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  • Glenn Sonnenberg

Musings from the Bunker 10/15/20

Good morning,



The COVID-19 pandemic is having an effect on the mental health of all of us. For some, it’s a bit of anxiety, a feeling of claustrophobia, or a sense of being out of control. For others, suicidal ideation and damaging thoughts have an even greater effect. For many of us, the world has gotten smaller and more virtual. And that’s not good.

In the past week, I’ve had several people comment that they wish they hadn’t sent an email, or were too quick to text, or were too dismissive in a response to a friend. Some have noted that meetings on Zoom are exhausting and offer no real human interactions. Of the many problems with sitting and staring at phones and laptops is the need to be completely engaged and totally responsive. In this, we act too quickly and, when we do, we do not benefit from the perspective of introspection and reconsideration, and we don’t have the ability to read the facial expressions and body language of the person with whom we’re speaking. Often, I suspect we do not always connect that, on the other side of the cold screen at which we stare, sits another human being, as nervous, anxious, and flawed as are we. So I have a few suggestions—suggestions I will try to follow myself:

• In a phone conversation, count to five slowly before responding to a statement with which you may disagree. Not the quick five-count from a Peloton instructor, but a slow “one thousand one, one thousand two…”

• With texts, wait a half hour before responding. Until a few years ago, no one would expect the immediacy of a response. Why are we in such a rush now? How is a reflexive response a good idea?

• With email, write the email, store it in your Drafts file, or send to a friend to look over. Then send it only after an interval of a few hours. Again, what’s the rush? You’ll reduce the likelihood of offending the recipient and you’ll save yourself the embarrassment or regret that comes from a quick response.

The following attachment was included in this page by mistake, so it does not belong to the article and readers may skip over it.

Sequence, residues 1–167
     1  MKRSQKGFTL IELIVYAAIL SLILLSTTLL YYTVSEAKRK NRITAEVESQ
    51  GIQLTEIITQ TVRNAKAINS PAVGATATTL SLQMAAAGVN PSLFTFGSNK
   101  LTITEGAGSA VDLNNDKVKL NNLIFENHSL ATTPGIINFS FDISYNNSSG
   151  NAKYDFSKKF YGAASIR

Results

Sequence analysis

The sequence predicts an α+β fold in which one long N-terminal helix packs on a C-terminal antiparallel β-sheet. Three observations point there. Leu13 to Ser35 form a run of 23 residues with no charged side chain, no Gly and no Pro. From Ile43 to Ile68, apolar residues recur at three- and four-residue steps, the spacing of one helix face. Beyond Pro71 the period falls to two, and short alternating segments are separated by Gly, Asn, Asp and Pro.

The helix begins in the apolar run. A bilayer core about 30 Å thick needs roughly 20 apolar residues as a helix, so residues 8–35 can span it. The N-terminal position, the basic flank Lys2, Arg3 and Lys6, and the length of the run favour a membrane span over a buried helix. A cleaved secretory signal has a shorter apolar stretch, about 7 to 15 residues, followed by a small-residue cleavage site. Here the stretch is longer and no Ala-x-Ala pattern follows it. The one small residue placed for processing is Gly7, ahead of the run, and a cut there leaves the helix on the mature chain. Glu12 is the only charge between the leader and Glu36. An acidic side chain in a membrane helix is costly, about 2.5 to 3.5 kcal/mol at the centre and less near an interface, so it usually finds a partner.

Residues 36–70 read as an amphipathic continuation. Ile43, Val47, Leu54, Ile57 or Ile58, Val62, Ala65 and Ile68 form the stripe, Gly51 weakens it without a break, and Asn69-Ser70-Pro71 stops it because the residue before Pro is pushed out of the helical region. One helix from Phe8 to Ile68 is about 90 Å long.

From Paul Kanin:

Do you remember Zack Greinke Dodger days? After locker room manager’s talk during losing streak, the manager asks players if they have anything to add. Greinke pointed out that some players didn’t wash their hands after making a number 2. I’m sure he is handling Covid problems better than most.

From Mark DiMaria, a collection of hapless Mets from the “glory” days of the 60s:

Marvelous Marv Throneberry, one of the original Mets, once was called out after hitting a triple for missing first base. When manager Casey Stengel came out to argue, the umpire told him not to bother, as Marv had missed second base too.

Harry Chiti was a catcher obtained by the Mets at the beginning of their first season in 1962 from the Cleveland Indians in exchange for a "player to be named later." Naturally, that player turned out to be Mr. Chiti himself, who was returned to the Indians some two months later, becoming the first player ever traded for himself.

And of course, Clarence "Choo Choo" Coleman, a small catcher ironically was known as a speedster, hence his nickname -- although that talent was somewhat wasted as he was rarely on base, with his lifetime average clinging tenuously to the famous "Mendoza Line" of .200. Choo Choo once signaled to Marvelous Marv at first base for a pick-off play, Marv missed the signal and the ball sailed past his head as he looked the other way, and Choo Choo was assessed an error -- for bad judgment in signaling to Marv in the first place.



Yes, my high school was the “Saxons.” Thankfully, there are not many people who identify with this ethnicity and can’t complain. Peter Bain suggests a few who, following on the marauding theme, should have been our neighboring rivals:

• The Venice Visigoths

• The Santa Monica Slavs

• The Hollywood Heathens

• The Anaheim Aryans

In actuality, Anaheim High School’s mascot was the “Colonists,” which probably isn’t the best of names in today’s political environment. That said, maybe not. This country in fact is the result of colonists from Europe founding a republic on these shores. The colonies were an experiment in government that changed the world. Certainly there were indigenous peoples here and the relationship with them were fraught. And there is a good deal of regrettable behaviors. But I don’t think we need be ashamed of those original colonists (though their descendants were not quite as pure).

But I’m not even sure if the Colonists to which Anaheim High School was referring were the colonists in New England. Anaheim began as a German colony. Anaheim prided itself with the historic “Mother Colony House” commemorating the town’s early days. Perhaps Peter’s joke about the “Anaheim Aryans” isn’t that far off.

Happy days,


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